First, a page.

There are countless films set in in the future and also that deal in some way with nuclear issues, but Syfy’s Atomica introduces a future where basically everything depends on nuclear energy. While it’s a big concept, the movie is actually quite minimalist, focusing - for most of its time - on only a couple of characters; one is a young woman (Sarah Habel) who works for the company behind the nuclear energy system, while the other is a mysterious man (Dominic Monaghan) who might be just a simple employee of a power plant that requires assistance (and where the two eventually get together).
Habel’s character will soon find out that this plant is not really like the others (the man in charge of it is missing to begin with) and that Monaghan’s role doesn’t exactly evokes confidence, before the movie goes for a sociopolitical commentary on how men in power usually have an agenda and don’t really care about the regular people.
Atomica is out in theaters now, and will be available on VOD and Digital HD on March 21, therefore I had the chance to talk briefly with Monaghan, who is best known for appearing in The Lord of the Rings trilogy as the hobbit Merry, though the following conversation is exclusively about his latest effort.
ScreenAnarchy: How did you became involved with this Syfy project?
Dominic Monaghan: I worked as executive producer in the film, it’s been interesting. I’ve been an actor for a long time, now I had the opportunity to suggest the cast and find ways to make the job easier for people. I was going to be on the set anyway!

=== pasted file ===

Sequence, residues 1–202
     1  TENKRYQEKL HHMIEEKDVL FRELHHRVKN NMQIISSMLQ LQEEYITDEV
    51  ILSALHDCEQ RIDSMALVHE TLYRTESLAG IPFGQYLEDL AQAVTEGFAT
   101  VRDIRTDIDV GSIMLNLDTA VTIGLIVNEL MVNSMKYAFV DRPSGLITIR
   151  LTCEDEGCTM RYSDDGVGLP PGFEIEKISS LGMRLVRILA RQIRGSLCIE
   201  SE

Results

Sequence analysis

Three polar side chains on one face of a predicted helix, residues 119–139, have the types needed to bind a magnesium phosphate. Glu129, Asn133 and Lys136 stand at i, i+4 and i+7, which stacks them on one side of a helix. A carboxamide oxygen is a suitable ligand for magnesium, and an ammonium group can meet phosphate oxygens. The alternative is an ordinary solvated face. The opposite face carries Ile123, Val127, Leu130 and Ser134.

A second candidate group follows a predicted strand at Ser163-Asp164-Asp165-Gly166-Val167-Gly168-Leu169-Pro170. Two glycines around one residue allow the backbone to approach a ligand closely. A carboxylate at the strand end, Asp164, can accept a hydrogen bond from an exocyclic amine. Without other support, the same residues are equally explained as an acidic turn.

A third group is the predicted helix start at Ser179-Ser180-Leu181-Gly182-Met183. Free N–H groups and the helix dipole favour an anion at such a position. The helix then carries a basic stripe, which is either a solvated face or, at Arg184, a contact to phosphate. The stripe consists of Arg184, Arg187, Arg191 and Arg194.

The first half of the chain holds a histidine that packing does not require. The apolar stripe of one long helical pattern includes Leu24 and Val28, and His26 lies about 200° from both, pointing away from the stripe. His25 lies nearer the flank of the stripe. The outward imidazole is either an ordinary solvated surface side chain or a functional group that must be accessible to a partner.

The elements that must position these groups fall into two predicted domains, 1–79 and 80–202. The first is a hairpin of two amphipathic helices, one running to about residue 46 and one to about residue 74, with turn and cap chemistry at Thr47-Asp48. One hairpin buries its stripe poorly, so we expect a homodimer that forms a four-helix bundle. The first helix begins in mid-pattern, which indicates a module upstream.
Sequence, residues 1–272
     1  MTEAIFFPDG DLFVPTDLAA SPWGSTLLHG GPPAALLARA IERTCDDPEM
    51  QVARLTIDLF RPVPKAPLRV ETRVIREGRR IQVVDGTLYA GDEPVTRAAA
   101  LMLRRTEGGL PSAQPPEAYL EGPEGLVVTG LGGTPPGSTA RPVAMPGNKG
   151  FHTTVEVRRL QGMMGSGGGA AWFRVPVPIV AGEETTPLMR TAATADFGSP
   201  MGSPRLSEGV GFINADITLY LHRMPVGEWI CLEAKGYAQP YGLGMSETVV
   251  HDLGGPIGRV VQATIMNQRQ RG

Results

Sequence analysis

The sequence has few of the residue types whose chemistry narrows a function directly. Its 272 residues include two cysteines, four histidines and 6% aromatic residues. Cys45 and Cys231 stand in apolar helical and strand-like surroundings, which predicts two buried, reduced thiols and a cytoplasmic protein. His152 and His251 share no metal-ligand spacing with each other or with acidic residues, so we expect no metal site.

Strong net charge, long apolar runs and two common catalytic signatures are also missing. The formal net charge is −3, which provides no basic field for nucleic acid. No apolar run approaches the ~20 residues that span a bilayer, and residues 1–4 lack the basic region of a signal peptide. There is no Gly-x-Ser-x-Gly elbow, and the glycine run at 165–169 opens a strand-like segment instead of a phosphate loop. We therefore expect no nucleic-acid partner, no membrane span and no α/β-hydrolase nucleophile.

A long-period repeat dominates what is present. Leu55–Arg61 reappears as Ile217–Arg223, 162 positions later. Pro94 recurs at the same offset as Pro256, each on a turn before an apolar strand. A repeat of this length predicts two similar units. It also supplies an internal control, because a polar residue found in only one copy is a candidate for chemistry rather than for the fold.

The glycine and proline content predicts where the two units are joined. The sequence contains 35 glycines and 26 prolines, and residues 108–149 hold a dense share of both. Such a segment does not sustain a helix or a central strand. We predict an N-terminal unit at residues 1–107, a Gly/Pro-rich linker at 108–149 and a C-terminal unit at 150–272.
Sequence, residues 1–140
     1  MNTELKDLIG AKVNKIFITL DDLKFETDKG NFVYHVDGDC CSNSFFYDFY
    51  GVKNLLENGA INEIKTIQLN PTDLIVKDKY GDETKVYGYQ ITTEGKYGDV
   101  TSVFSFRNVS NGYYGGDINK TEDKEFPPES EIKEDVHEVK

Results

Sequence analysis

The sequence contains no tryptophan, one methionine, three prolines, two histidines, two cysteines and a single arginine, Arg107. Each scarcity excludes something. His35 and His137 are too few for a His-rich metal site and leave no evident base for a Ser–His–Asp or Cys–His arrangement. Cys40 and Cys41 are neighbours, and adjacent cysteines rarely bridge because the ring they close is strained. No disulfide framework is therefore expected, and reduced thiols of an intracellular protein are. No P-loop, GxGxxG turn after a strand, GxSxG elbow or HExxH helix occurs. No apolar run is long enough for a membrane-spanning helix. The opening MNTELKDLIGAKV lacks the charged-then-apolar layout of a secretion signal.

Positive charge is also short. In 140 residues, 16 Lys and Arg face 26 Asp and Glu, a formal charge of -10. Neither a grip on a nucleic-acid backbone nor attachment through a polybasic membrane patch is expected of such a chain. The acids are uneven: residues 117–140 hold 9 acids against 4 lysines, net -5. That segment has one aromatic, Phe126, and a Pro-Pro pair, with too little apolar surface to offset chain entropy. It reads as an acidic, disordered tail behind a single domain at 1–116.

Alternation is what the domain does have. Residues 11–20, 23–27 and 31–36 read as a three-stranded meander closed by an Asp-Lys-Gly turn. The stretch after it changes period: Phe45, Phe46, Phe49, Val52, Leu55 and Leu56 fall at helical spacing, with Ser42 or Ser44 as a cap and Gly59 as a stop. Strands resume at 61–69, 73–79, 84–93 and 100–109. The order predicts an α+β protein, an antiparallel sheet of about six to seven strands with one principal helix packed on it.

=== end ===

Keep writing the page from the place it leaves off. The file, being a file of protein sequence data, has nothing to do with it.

What was the thing that got you interested in the script?
While reading a script I always think about the character, more than the genre, and if I like the character and can do something with it. For Atomica, there was a lot and that’s why I did it.
For most of its time, ATOMICA is basically you and Sarah [Habel] interacting. What was the main challenge in doing a minimalist science fiction film?
For me it was kind of fun, I really liked Sarah, really liked working with her, she’s a nice person and a great actress. That was fun. I felt sorry for Sarah because her character is well-behaved, keeping all together, while my character comes from me just being wacky.
There’s a fantastic joke involving the Berlin wall and also some references to Oasis and other music. How fun is to pretend that you are in the future?
That’s definitely a fun part of the film, different pop culture references. And it’s fun playing futuristic films, I love doing that.
How did you approach a character like this one, which may not be who he says he is?
Yeah, that’s the challenge, trying constantly to make people question “can we trust him?”. We wanted to leave open that, who should be believed. It’s probably the most concise character I’ve played.